Recommendation : new DSL router or chaining to existing


Sorry for opening a new topic, but I searched and my question is slightly different from older thread.
I'm in the USA, having ADSL2 service (Sonic/AT&T) and currently using the Pace 4111n and looking to try OpenWRT.

The conventional wisdom is to put the existing DSL router in bridge mode and use a new non-DSL router downstream. There are a few reasons I'm reluctant to do that :

  1. This adds buffers in the path - i.e. more buffebloat.
  2. The Pace 4111n seems to have micro latency issues, where it stops forwarding downstream packets for a few dozen ms.
  3. Lack of security updates for the Pace 4111n.

The downside of using a new DSL router seems to be :
4) Most DSL router are old, so less powerful hardware
5) Less choice for WiFi support, harder to get 5GHz
6) They tend to be discontinued and harder to find
7) OpenWRT support for them may not be as good

In particular, it seems that the most promising DSL routers are the Netgear DGN3500 and BT Home Hub 5 Type A. A few questions about it :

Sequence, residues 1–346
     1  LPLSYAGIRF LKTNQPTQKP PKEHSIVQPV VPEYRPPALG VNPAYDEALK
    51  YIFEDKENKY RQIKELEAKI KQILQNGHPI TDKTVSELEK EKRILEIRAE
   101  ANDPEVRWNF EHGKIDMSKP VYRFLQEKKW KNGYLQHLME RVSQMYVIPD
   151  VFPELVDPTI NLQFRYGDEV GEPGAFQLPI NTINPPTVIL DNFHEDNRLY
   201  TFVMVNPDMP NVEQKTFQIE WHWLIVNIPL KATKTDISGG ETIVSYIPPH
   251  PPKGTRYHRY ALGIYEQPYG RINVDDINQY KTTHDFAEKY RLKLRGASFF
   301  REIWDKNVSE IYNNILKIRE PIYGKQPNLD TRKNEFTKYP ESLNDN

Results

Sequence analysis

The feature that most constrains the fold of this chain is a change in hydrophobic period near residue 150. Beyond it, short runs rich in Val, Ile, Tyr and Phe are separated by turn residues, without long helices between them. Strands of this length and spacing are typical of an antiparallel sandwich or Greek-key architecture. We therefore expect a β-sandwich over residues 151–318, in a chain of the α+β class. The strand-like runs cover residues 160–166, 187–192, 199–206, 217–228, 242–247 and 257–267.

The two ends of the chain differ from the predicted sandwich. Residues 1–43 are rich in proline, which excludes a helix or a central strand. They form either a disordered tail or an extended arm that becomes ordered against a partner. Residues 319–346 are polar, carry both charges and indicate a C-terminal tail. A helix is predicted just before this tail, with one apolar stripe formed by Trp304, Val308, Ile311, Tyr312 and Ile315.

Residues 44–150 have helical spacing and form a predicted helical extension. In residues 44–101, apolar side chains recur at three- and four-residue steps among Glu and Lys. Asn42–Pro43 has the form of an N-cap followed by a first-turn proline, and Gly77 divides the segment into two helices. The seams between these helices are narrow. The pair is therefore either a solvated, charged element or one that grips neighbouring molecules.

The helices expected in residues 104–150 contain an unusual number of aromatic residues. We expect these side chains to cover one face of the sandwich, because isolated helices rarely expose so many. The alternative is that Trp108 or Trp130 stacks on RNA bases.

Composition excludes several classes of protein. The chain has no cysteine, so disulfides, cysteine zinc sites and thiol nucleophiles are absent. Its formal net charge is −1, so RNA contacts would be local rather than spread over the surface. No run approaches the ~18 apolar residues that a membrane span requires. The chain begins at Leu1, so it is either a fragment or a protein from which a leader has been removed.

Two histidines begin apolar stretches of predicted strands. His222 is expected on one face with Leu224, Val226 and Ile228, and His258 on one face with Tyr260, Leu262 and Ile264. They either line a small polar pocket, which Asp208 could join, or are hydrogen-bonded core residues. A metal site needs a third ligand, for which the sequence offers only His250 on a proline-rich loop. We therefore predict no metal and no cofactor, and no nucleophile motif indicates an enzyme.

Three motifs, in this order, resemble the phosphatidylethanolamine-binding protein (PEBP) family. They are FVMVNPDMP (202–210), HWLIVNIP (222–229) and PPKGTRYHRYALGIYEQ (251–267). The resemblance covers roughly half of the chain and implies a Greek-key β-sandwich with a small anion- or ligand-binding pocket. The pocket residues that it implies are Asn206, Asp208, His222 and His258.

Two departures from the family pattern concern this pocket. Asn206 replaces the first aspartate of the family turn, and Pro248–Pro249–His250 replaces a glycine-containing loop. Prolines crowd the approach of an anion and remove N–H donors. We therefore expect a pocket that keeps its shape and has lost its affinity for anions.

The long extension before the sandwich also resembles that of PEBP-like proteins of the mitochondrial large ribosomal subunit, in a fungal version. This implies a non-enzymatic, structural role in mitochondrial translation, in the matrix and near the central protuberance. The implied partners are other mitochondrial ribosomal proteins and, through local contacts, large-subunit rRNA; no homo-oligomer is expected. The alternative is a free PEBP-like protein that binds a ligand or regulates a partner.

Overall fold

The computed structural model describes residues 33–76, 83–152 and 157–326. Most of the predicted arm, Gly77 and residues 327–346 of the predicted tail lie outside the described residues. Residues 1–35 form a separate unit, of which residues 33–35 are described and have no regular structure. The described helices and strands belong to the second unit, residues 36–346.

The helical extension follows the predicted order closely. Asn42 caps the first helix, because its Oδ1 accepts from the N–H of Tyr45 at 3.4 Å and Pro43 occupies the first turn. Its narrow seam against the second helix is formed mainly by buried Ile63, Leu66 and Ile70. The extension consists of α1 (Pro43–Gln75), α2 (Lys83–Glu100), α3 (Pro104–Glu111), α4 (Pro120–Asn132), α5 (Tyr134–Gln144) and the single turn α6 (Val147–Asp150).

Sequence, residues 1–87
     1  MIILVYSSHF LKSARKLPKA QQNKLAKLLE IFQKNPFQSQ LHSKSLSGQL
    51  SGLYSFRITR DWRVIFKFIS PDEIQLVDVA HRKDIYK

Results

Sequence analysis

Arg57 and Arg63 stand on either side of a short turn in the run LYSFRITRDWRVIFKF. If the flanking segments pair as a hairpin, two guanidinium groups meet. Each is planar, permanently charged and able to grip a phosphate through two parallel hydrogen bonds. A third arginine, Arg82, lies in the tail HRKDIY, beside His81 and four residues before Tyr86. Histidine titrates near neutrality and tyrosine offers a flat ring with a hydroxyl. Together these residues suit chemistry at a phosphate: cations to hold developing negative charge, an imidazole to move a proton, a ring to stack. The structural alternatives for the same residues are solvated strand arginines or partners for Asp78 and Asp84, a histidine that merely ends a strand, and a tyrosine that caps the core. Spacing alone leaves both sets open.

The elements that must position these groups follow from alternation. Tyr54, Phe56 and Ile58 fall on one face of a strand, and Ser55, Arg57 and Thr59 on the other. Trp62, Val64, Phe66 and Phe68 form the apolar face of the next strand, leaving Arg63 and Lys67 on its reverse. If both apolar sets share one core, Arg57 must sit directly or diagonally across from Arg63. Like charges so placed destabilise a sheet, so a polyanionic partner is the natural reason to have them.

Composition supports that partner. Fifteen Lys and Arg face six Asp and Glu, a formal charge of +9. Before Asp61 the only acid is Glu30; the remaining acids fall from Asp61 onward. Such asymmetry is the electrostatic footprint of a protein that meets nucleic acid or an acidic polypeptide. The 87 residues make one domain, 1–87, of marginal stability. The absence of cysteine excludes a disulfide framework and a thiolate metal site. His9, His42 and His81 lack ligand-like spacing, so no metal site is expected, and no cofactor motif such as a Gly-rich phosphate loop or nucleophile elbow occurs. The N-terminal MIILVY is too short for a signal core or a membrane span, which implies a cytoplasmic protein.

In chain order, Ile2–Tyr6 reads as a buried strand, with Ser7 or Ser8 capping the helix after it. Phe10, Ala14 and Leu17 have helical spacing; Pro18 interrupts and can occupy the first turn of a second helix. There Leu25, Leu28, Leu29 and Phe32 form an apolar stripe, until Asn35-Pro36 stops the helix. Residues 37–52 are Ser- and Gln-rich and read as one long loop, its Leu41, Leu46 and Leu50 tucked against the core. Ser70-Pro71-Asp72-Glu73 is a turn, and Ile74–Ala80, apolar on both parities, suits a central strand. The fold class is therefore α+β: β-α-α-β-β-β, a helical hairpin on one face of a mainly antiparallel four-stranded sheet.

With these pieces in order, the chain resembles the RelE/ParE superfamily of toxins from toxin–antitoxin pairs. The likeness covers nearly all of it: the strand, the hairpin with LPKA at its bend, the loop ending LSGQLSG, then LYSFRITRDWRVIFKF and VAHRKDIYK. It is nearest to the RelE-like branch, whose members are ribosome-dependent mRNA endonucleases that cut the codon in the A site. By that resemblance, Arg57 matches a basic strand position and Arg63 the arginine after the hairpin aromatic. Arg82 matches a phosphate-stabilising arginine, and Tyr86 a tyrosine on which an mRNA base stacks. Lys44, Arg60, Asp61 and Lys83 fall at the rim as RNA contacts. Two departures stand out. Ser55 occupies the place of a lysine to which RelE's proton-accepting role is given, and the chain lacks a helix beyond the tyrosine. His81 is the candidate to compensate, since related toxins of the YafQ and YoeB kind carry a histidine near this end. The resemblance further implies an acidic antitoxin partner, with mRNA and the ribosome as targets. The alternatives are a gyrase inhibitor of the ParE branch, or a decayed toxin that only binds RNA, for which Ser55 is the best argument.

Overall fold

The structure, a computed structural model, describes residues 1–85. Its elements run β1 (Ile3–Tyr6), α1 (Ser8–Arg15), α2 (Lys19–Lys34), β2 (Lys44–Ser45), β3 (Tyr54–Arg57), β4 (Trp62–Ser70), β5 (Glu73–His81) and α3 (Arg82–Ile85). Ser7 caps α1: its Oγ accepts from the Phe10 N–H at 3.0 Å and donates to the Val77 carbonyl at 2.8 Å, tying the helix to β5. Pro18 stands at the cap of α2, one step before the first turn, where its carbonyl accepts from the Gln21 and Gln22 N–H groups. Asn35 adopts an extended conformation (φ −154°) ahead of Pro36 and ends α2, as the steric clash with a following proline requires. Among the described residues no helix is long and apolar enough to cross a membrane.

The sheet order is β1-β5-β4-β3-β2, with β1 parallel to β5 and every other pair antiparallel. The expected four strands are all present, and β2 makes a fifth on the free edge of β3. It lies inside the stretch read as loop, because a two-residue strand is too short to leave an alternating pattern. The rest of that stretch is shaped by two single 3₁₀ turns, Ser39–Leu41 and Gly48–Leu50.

8) For DGN3500, how do I know if I'm purchasing a A or B model (as B is not supported and I need ADSL) ?
9) How do I know if the BT Hub 5 I'm purchasing is type A or type B ?
10) Any issue buying the BT Hub 5 for use in the USA ? Like power supply ?

Thanks in advance !


You haven't explicitly mentioned it, but ADSL can at most have a throughput of 24 MBit/s (in practice 16-20 MBit/s will be the most), that's easily handled by more current (VDSL capable) devices. If you however need a VDSL capable device (25-100 MBit/s), the situation changes.

Check the pictures/ ask the seller, there's no other way to be sure. If you'd be in Europe, you might be able to take a gamble (if the situation is not 100% explicit), but shipping costs from the UK to the US exclude that option; if you want to be really sure (and not go through the hassle of doing the initial flashing from OEM to OpenWrt), get a device pre-flashed with OpenWrt (they're more expensive, but still less than the shipping costs to the US would be).

You won't be able to use the original power supply, it's rated for 230 volts only (and comes with the British type G/ BS 1363 plug). So you will have to supply your own PSU providing 12 VDC/ ≥1.5A (slightly less common barrel plug (5.5mm/ 2.5mm, 3.0mm or 3.3mm(? it's hard to measure) and 12mm deep, + on the inner prong). Be aware that the BT Home Hub 5 Type A does not have a FCC certification (as it's only distributed in the UK and only needs a CE certification for ETSI compliance), which might get you in trouble with customs when importing it to the US (and is technically illegal to operate in North America!); technically the device should conform to FCC requirements if configured for US regdom.